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IAVA | October 24, 2018

Read: Clay Hunt SAV Act Update

Since the passage of the Clay Hunt SAV Act in 2015, we’ve seen great strides in health care for mental health injuries and suicide prevention. But when 46 percent of IAVA members report service-connected PTSD and the VA reports that 18 to 34 year old veterans have the highest rate of suicide, we know our work is not nearly done.

We’ve been keeping a close eye on the implementation of the Clay Hunt SAV Act as its provisions have been put into place at the VA. Last year, we gave you an update on the implementation and some of the challenges we were hearing about. While many of those updates remain the same a year later, there are few developments we want you to know about.

Third-Party Evaluation of Mental Health and Suicide Prevention Programs at VA

The final report from the third party evaluators is expected in just a few short months to Congress. This report will provide feedback from veterans who receive care at the VA on their satisfaction with the services VA provides. The interim report from 2017 showed that most veterans were happy with their VA mental health care and we look forward to seeing the final report in coming months.

Loan payback program for psychiatrists

This provision within the Clay Hunt SAV Act has been the hardest and slowest moving of all. Funding for the program has been lacking, making it hard to the program to get off the ground. However, VA has said that the next round of applicants will be eligible for this program, and we look forward to seeing this provision within Clay Hunt launch. Overall, we are concerned about the number of mental health providers at VA and available to veterans in need of support; we believe this provision will aid in ensuring veterans have access to the mental health support they need.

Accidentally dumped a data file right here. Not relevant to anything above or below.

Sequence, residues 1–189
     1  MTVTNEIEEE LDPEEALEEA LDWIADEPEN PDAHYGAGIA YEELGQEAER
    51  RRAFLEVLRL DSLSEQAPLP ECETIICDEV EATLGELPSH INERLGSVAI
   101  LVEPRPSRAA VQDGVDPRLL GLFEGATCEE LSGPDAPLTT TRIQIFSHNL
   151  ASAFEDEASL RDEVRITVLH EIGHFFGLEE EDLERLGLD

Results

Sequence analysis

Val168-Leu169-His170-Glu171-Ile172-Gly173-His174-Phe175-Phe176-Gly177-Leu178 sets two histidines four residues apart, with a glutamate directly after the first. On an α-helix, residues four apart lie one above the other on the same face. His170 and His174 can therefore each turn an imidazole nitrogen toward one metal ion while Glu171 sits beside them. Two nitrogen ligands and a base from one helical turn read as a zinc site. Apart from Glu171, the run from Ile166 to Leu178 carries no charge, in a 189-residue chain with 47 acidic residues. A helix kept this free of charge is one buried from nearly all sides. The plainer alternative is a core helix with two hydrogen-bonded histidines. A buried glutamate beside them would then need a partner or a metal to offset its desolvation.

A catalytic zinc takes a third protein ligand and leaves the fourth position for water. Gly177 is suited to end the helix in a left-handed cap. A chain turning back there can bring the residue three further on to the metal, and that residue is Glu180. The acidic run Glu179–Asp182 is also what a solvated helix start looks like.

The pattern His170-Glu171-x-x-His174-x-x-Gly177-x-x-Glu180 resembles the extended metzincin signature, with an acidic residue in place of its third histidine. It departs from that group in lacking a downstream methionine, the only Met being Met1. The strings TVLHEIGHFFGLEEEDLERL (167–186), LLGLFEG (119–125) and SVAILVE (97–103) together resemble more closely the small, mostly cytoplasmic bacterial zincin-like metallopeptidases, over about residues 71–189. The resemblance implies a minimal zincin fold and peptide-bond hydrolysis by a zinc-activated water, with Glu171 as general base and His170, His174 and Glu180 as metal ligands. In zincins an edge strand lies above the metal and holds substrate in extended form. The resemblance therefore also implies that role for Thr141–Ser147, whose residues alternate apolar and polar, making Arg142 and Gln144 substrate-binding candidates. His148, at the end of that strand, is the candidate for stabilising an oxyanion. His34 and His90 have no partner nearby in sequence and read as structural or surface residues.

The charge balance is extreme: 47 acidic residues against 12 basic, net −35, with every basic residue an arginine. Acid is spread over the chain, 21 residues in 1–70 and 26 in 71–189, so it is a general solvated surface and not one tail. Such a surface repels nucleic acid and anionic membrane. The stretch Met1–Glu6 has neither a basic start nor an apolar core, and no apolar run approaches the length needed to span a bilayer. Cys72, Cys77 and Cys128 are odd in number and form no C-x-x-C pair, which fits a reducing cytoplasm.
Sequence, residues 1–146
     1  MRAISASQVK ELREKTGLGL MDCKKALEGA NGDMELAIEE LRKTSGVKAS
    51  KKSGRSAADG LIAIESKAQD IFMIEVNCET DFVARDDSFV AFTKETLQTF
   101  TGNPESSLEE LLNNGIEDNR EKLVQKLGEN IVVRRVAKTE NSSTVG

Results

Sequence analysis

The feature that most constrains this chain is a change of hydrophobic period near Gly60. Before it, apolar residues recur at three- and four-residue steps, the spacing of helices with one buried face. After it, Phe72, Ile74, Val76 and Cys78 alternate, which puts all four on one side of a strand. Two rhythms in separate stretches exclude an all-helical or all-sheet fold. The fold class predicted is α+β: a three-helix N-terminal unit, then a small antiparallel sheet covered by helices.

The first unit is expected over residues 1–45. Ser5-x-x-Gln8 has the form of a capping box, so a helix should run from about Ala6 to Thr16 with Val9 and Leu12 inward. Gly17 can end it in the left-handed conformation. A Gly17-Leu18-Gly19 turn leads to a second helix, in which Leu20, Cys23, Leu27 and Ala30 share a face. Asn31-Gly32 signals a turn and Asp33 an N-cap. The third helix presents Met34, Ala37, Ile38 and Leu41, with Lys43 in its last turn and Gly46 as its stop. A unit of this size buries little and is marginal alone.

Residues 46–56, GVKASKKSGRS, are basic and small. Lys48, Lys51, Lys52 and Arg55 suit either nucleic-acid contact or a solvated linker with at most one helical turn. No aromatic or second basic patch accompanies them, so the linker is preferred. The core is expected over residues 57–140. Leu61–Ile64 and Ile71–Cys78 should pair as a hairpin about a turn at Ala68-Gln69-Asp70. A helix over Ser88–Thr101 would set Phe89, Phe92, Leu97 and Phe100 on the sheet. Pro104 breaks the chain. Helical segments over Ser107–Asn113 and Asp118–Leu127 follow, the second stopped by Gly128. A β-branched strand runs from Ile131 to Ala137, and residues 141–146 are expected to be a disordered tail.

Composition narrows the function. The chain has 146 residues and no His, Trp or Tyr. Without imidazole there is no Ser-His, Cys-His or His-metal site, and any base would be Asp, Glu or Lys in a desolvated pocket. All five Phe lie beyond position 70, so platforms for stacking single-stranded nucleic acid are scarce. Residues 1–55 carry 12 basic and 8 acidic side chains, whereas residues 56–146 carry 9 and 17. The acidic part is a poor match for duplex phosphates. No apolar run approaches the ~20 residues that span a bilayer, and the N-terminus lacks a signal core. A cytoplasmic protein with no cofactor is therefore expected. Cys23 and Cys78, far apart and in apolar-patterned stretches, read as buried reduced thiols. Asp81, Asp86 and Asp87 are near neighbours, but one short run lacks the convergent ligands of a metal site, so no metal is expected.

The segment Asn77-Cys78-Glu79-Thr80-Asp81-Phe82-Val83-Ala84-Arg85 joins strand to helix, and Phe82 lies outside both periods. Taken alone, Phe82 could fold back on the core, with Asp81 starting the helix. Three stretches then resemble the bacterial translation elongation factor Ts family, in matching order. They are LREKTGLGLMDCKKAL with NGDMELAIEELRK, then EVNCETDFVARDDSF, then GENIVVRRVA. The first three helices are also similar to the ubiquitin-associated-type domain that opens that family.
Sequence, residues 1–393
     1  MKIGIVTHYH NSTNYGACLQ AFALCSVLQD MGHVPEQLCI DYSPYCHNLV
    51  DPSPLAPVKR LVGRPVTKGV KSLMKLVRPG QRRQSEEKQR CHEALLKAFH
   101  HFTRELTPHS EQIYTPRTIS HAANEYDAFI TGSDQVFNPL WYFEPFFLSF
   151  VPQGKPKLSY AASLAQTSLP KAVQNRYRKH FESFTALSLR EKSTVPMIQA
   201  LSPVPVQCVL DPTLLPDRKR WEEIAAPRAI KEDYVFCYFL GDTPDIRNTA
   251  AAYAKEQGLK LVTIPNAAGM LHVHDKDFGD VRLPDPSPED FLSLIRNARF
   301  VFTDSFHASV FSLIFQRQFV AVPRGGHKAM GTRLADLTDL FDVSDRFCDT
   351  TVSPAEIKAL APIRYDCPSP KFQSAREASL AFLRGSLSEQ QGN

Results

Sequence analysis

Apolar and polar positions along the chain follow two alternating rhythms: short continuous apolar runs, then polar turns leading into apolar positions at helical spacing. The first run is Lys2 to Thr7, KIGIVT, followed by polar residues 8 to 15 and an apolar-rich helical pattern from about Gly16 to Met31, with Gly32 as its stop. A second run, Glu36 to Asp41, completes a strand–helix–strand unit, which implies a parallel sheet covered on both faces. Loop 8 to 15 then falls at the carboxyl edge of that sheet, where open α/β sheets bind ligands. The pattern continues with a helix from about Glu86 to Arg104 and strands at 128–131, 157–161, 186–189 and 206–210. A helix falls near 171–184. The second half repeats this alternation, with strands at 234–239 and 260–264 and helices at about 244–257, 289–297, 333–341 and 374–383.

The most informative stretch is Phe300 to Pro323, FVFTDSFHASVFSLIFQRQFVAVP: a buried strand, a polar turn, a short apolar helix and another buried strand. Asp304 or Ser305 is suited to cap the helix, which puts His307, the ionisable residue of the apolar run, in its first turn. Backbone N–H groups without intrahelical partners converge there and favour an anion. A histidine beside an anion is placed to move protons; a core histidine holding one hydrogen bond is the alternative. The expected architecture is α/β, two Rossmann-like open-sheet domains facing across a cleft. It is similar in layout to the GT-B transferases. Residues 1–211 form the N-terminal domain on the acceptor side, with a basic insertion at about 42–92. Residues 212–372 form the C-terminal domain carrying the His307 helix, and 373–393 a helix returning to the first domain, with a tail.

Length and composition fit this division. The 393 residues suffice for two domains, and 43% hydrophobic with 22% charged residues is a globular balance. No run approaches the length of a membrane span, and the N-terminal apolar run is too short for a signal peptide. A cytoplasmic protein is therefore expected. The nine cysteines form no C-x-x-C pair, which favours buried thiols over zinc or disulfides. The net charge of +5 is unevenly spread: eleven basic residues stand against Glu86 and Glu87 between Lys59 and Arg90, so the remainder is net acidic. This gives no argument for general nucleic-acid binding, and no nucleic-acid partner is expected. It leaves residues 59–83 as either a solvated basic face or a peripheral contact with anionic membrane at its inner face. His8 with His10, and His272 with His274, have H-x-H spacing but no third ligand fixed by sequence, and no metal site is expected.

Peer Support Pilot Programs

There is some exciting news when it comes to the peer support programs created under the Clay Hunt SAV Act. In March, a funding bill from Congress provided $10 million to these previously unfunded pilot programs. That meant that the programs expanded from 5 sites to 10, including a few highly rural sites! A final report on the effectiveness and outcomes from these pilot programs is due to Congress before the end of the year, and we look forward to seeing the results.

The Clay Hunt SAV Act was an important piece of legislation that moved the needle on many of the mental health access issues veterans face. But, there is still so much work left to do. That’s why the Campaign to Combat Suicide is still a top priorities, and we will continue to work with the VA, DoD, our VSO partners, and other stakeholders to ensure veterans are getting the care and access they deserve.

Learn more about IAVA’s Campaign to Combat Suicide and all of our Big 6 Priorities here. And tell your Member of Congress to ensure there is strong oversight of the Clay Hunt SAV Act here.

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